14th International Forum on Embedded MPSoC and Multicore
July 7-11, 2014, Margaux, France
Slides available here!
Prof. Babak Falsafi, EPFL, Switzerland
Meet the Walkers: Accelerating Index Traversals for In-Memory Databases
The explosive growth in digital data and its growing role in real-time decision support motivate the design of high-performance database management systems (DBMSs). Meanwhile, slowdown in supply voltage scaling has stymied improvements in core performance and ushered an era of power-limited chips. These developments motivate the design of DBMS accelerators that (a) maximize utility by accelerating the dominant operations, and (b) provide flexibility in the choice of DBMS, data layout, and data types. We study data analytics workloads on contemporary in- memory databases and find hash index lookups to be the largest single contributor to the overall execution time. The critical path in hash index lookups consists of ALU-intensive key hashing followed by pointer chasing through a node list. Based on these observations, we introduce Widx, an on-chip accelerator for database hash index lookups, which achieves both high performance and flexibility by (1) decoupling key hashing from the list traversal, and (2) processing multiple keys in parallel on a set of programmable walker units. Widx reduces design cost and complexity through its tight integration with a conventional core, thus eliminating the need for a dedicated TLB and cache. An evaluation of Widx on a set of modern data analytics workloads (TPC-H, TPC-DS) using full-system simulation shows an average speedup of 3.1x over an aggressive OoO core on bulk hash table operations, while reducing the OoO core energy by 83%.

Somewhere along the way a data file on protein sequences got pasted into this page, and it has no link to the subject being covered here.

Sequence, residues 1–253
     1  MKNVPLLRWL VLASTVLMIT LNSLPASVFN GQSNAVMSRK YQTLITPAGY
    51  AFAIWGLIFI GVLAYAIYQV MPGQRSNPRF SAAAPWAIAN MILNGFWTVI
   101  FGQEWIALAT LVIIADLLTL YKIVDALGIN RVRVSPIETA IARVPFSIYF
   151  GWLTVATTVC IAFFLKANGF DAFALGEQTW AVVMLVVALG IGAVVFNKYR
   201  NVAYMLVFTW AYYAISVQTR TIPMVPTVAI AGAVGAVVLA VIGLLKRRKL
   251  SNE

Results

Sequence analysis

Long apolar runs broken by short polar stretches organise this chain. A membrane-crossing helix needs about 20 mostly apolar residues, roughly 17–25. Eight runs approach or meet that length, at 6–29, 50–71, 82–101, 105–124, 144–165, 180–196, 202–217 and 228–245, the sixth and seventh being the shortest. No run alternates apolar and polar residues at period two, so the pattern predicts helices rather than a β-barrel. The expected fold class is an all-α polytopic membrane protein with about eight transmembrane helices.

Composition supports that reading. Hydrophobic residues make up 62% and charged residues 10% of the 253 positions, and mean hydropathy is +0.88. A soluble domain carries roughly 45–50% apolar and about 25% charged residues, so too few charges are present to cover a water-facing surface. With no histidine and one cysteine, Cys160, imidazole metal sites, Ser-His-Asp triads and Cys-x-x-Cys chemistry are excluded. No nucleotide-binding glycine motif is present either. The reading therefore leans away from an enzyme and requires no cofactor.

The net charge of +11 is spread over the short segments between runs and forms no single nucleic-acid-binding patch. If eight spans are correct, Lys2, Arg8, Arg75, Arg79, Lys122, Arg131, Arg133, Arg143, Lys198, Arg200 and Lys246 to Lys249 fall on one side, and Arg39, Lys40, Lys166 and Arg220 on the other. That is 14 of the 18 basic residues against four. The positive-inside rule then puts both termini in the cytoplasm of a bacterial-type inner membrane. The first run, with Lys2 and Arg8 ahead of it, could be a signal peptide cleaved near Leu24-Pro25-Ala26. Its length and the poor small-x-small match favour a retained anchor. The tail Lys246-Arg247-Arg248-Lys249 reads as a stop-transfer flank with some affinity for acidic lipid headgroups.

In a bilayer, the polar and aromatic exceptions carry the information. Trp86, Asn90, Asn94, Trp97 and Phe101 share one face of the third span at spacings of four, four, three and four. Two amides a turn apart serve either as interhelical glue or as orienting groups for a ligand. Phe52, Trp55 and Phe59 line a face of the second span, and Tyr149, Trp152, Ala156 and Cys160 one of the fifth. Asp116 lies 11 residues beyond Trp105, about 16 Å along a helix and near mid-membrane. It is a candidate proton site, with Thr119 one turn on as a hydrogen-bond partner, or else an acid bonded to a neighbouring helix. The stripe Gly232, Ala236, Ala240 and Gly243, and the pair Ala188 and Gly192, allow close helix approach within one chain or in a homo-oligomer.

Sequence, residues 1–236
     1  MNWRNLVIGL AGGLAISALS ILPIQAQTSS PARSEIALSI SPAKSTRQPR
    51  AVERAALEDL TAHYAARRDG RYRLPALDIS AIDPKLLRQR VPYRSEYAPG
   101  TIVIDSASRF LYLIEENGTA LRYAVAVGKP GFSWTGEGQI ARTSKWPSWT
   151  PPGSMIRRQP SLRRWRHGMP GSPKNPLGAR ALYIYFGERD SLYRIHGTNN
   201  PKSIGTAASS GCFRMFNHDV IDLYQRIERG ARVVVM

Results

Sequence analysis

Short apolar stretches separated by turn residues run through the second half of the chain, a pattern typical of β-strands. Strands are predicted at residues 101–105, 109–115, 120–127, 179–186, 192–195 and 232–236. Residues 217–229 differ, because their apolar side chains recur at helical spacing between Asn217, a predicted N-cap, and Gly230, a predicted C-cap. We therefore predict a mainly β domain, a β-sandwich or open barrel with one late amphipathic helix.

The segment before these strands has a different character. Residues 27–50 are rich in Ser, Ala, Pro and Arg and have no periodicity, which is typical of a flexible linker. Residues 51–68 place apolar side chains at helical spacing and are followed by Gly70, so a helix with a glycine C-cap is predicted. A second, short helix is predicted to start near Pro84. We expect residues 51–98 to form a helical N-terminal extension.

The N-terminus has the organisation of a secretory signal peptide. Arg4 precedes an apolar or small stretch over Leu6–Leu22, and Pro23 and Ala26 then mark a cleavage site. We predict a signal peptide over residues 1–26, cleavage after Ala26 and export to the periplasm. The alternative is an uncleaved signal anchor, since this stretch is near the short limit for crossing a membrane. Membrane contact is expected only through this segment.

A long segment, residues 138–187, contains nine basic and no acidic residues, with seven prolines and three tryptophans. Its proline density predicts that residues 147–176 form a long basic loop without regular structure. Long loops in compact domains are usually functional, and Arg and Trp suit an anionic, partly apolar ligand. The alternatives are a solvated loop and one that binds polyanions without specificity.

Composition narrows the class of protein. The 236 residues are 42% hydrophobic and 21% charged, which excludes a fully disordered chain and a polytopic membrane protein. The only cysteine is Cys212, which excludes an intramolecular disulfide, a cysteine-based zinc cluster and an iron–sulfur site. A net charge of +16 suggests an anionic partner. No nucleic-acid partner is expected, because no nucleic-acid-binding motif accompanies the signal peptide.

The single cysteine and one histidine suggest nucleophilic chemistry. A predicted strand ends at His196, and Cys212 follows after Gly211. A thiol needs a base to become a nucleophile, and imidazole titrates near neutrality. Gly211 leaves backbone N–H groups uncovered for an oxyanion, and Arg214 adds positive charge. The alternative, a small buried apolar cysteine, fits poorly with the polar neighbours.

Babak joined the School of Computer and Communication Sciences at EPFL in 2008. Prior to that, he was a full Professor of Electrical & Computer Engineering and Computer Science at Carnegie Mellon. He is the founding director of the EcoCloud research center pioneering future energy-efficient and environmentally-friendly cloud technologies at EPFL. He has made numerous contributions to computer system design and evaluation including a scalable multiprocessor architecture which laid the foundation for Sun Microsystems family of WildFire and WildCat servers, energy-efficient memory technologies that are cited by an Intel patent and incorporated into IBM BlueGene/P, and computer system simulation sampling methodologies that are in use by AMD and HP for research and product development. His most notable contribution has been to be first to show that contrary to conventional wisdom, multiprocessor memory programming models -- known as memory consistency models -- prevalent in all modern systems since the inception of microprocessors are neither necessary (shown in ISCA'99) nor sufficient (shown in ISCA'07) to achieve high performance. He is a recipient of an NSF CAREER award in 2000, IBM Faculty Partnership Awards in 2001, 2003 and 2004, and an Alfred P. Sloan Research Fellowship in 2004. He is a fellow of IEEE.
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